When Roy Moore, a conservative outsider and former state Supreme Court justice most famous for twice getting kicked off the bench, captured Alabama’s Republican Senate primary last week, much of the analysis focused on two things: the seething fury of the Republican grass roots toward the party’s establishment and Moore’s devout following among Christian conservatives.
Yet this analysis missed the main reason so much anger exists in Southern politics: the failures of the modern economy.
In 1938, President Franklin Roosevelt declared “that the South presents right now … the Nation’s No. 1 economic problem.” Nearly 80 years later, little has changed. The South remains the poorest region in America today. The Deep South — including Alabama — remains poorer still. While historians have traced the obvious legacies of slavery and Jim Crow to the deep inequalities between whites and blacks in the South, few have connected this factor to the region’s other enduring poverty: that of poor and working-class whites.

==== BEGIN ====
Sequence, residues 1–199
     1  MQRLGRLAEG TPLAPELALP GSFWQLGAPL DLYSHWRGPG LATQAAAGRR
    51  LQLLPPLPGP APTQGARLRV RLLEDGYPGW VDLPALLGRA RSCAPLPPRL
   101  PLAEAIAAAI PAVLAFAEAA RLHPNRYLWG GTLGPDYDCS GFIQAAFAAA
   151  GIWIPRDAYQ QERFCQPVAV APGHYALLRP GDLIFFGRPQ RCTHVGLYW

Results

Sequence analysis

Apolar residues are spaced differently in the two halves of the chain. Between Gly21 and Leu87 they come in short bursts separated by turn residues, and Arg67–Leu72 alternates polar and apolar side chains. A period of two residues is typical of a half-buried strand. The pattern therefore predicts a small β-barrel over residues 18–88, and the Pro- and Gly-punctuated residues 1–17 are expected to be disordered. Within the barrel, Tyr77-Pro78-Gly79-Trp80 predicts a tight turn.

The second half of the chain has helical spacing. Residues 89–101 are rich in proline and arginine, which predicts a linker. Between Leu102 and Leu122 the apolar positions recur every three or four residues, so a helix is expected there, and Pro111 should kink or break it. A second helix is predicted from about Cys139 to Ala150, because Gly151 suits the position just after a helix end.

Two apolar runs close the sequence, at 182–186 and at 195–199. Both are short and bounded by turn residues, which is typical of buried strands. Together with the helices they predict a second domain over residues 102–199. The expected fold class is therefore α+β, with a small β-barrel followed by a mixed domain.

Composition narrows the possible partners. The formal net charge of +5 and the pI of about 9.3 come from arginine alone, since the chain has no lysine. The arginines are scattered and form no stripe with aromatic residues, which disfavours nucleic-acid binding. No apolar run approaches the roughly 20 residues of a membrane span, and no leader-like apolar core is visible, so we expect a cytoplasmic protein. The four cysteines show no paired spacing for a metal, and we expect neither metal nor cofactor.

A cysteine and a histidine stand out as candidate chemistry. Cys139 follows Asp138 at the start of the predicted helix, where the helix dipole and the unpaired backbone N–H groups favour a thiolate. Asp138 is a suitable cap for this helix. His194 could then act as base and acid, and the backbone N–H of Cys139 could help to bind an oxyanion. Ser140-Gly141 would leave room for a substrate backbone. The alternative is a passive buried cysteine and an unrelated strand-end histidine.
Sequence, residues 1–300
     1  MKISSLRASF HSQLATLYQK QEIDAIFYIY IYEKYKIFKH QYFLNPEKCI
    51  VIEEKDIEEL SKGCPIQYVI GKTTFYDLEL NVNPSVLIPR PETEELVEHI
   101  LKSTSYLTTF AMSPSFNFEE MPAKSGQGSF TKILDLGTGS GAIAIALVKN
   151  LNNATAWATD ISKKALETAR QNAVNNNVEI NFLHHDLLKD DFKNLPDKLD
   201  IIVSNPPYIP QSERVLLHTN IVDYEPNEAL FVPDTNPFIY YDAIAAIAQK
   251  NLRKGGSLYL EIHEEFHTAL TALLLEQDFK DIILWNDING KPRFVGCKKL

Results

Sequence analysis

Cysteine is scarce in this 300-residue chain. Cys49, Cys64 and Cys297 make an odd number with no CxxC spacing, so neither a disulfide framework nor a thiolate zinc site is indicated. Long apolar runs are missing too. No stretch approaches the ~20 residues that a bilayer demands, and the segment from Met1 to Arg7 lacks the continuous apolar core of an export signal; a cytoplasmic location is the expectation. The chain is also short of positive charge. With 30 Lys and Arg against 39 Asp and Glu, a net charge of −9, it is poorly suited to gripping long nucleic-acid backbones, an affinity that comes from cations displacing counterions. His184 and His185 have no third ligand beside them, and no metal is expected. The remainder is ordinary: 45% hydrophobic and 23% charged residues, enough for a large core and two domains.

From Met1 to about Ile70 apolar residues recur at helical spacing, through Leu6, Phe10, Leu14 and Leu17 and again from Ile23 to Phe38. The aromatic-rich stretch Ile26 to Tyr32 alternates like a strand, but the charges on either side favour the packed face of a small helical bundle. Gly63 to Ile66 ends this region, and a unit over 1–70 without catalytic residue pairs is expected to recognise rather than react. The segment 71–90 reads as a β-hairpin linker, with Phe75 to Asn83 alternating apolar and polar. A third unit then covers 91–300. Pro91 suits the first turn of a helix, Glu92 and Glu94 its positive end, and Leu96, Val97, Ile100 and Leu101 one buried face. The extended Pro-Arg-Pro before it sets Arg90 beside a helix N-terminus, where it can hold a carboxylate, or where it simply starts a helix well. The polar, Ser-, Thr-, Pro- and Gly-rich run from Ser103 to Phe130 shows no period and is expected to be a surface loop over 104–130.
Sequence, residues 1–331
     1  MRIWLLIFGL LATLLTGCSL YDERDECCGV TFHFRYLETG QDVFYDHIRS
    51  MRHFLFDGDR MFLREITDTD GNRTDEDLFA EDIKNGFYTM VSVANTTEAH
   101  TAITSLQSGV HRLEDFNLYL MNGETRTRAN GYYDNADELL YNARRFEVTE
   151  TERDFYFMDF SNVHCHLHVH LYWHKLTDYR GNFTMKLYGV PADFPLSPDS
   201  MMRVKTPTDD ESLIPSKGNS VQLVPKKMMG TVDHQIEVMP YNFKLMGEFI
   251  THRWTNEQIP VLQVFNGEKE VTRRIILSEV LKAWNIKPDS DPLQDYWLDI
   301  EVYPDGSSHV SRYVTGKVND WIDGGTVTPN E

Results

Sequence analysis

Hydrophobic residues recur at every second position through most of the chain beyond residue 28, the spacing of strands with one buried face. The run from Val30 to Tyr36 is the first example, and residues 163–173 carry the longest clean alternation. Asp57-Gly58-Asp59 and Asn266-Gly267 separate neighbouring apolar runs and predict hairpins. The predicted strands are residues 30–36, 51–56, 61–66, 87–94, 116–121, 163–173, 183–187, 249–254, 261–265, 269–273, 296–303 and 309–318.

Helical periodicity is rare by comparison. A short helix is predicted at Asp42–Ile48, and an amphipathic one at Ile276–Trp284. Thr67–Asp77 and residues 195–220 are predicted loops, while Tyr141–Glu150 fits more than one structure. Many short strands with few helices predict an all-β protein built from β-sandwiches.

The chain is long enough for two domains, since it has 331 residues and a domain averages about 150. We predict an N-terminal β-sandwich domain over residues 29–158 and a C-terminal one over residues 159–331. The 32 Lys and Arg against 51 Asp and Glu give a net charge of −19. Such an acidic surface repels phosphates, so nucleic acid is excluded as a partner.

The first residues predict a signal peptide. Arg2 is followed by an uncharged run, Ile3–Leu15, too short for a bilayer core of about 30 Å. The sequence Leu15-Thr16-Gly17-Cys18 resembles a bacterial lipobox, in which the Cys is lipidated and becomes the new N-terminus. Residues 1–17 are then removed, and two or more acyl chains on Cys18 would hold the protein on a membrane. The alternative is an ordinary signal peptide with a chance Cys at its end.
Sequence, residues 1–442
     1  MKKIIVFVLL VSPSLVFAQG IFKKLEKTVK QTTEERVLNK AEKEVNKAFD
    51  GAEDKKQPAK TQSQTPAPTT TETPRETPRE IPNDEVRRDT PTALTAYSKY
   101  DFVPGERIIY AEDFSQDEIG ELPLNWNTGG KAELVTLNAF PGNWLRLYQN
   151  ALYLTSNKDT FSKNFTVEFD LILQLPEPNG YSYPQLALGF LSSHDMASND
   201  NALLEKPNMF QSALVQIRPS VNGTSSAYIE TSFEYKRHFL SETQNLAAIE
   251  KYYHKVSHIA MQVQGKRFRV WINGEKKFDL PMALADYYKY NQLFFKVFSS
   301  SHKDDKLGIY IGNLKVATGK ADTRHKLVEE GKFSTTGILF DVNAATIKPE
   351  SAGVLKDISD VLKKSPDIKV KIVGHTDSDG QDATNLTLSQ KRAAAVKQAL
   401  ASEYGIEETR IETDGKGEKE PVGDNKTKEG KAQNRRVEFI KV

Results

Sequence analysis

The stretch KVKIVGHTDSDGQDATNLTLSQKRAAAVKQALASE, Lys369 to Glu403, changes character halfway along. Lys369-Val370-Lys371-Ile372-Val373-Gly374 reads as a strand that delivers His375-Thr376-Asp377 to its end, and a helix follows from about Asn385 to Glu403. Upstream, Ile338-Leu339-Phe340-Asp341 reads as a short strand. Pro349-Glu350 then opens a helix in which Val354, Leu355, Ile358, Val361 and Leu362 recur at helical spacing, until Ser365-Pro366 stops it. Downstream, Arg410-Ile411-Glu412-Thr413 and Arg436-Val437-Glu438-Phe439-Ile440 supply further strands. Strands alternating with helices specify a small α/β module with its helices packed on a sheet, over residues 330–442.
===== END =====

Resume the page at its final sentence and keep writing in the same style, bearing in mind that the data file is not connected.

Although poor Southern whites were certainly never subjected to the daily violence and degrading humiliations of racial slavery, they did suffer tangible socio-economic consequences as a result of living in a slave society.
Slavery’s cruel grip extended widely, damaging the lives of poorer whites who would never benefit economically from the institution. Pushed off the land and forced to compete with unpaid, brutalized slave labor, a significant portion of white Southerners wallowed in extreme poverty, the vestiges of which are still evident today.